March 27, 2015

How to Get A Head in Life

Note: The Bioethics Program blog will be moving to its new home on April 1, 2015. Be sure to change your bookmarks to http://bioethics.uniongraduatecollege.edu/blog/ by Bonnie Steinbock, Bioethics Program Faculty An Italian scientist, Sergio Canavero, claims that he is two years away from performing the world’s first human head transplant, in which the head of one person would […]
March 23, 2015

Will Ariadne Lead Us Through the Maze of End-of-Life Healthcare?

Note: The Bioethics Program blog will be moving to its new home on April 1, 2015. Be sure to change your bookmarks to http://bioethics.uniongraduatecollege.edu/blog/   by Richard Koo, Bioethics Program Alum (MSBioethics 2011) and Adjunct Faculty About four years ago, Susan D. Block, M.D. posted a blog on Harvard Business Review’s website as part of a series of […]
March 6, 2015

Understanding the Latino Patient with Cancer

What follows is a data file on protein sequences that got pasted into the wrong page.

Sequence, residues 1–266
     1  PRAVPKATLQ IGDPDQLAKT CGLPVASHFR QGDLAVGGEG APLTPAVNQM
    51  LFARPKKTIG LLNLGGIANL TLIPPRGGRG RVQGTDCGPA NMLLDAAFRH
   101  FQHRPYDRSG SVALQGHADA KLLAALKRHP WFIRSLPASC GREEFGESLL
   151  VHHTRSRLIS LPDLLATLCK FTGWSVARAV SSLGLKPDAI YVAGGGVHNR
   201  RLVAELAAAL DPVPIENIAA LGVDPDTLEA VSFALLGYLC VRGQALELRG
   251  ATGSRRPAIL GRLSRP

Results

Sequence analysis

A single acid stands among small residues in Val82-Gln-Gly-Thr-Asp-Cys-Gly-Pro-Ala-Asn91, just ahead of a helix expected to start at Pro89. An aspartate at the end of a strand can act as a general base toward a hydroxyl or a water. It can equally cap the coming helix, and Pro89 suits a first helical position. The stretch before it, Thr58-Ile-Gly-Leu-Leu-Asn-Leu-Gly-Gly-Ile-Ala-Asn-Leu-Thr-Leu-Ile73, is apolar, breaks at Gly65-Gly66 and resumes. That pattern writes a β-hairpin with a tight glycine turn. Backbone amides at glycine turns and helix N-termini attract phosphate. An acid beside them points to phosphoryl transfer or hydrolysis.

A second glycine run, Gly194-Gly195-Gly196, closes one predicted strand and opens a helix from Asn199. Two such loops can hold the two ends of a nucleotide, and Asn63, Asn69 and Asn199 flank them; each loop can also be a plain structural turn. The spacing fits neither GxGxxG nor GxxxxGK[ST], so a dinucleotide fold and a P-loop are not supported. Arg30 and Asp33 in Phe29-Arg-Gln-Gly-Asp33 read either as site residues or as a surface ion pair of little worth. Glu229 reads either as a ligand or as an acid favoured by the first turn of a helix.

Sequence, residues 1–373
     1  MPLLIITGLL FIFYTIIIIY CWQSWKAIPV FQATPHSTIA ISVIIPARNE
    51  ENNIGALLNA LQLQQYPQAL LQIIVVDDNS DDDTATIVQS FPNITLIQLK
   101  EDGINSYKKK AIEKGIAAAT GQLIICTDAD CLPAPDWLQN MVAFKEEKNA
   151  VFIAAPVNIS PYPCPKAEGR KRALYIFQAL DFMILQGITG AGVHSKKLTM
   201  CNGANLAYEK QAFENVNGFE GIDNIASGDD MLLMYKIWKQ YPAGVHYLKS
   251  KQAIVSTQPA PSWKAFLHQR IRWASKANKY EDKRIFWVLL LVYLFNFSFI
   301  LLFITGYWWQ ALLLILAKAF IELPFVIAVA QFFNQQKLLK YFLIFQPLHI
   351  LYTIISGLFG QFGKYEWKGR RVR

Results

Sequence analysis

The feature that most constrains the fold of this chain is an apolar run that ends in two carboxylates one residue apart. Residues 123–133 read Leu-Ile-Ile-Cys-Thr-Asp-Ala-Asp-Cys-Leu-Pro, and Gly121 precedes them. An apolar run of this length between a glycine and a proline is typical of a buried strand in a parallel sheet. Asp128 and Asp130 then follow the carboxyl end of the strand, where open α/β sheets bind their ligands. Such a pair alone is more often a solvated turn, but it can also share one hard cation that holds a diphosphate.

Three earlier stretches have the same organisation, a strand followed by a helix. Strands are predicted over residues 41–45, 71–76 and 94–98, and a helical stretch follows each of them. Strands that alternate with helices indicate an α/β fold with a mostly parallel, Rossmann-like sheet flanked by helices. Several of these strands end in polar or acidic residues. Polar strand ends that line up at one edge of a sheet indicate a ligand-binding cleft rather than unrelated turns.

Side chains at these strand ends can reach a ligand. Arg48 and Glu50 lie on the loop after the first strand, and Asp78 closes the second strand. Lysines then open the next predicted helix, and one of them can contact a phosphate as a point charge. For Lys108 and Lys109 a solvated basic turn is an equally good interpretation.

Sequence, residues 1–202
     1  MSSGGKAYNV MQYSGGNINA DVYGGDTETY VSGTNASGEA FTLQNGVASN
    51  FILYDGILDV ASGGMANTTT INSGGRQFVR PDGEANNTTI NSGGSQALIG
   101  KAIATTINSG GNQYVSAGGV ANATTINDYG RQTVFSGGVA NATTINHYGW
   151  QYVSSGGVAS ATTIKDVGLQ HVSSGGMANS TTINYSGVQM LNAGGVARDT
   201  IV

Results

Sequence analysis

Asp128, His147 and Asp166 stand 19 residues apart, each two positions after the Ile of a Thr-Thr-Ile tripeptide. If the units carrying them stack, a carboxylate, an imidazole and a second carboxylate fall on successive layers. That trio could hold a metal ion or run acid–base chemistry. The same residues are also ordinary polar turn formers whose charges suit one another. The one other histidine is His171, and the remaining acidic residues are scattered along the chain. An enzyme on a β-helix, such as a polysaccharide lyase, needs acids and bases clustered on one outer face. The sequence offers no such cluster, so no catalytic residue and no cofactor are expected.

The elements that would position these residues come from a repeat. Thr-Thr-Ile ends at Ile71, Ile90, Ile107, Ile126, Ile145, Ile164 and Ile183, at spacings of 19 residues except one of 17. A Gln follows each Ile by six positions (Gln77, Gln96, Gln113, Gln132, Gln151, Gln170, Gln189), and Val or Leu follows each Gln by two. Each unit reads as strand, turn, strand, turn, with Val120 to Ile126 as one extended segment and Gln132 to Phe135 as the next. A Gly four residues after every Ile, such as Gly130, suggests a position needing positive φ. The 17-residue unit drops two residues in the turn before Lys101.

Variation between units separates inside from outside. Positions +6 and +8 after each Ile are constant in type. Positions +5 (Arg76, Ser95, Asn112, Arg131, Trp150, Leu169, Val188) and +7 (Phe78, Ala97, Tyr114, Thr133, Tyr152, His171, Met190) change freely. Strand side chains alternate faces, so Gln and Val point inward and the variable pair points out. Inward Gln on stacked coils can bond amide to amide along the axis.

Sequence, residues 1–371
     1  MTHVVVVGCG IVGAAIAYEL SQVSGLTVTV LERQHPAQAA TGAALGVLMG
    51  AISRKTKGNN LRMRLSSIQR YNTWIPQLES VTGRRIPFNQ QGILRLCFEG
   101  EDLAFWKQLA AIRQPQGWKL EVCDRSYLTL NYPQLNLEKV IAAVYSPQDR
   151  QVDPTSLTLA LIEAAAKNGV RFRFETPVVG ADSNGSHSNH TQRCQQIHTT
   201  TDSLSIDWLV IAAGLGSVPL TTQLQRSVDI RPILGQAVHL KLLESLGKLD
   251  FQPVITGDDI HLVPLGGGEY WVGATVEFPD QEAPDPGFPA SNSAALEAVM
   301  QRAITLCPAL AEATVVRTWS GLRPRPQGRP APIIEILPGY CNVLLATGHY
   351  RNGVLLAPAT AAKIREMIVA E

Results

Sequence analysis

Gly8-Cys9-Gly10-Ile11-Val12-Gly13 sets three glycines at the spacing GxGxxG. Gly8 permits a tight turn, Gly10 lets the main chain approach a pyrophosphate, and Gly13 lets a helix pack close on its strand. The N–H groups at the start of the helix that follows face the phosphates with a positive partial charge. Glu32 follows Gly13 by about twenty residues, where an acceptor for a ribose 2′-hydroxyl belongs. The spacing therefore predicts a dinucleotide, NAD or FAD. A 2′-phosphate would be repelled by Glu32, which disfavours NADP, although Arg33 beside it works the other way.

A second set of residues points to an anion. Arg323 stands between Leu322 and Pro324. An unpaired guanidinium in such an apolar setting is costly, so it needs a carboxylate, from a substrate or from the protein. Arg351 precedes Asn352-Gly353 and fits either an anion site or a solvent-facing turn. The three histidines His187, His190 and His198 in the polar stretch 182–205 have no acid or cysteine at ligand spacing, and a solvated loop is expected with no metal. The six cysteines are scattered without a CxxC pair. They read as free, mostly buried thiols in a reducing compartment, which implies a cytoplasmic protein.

by Beatriz Lorena Hurtado, Bioethics Program Alumna (MSBioethics 2014) As a Latina working in healthcare I have always felt the responsibility to provide education about my culture, and to clarify cultural differences and misconceptions. It is always surprising to witness how eliminating misconceptions eventually translates into an increase in patient satisfaction, and less apprehension about […]
February 25, 2015

The Man Who Mistook His Life For A Hat

by Jacob Dahlke, Bioethics Program Alum (MSBioethics 2012) Our society tends to put on pedestals the celebrities among us, particular upon their deaths. For author Oliver Sacks, it is no different except that he is not yet dead. He did, however, recently announce in the New York Times that metastasized tumors were found in his body. […]
February 24, 2015

Speaking about dignity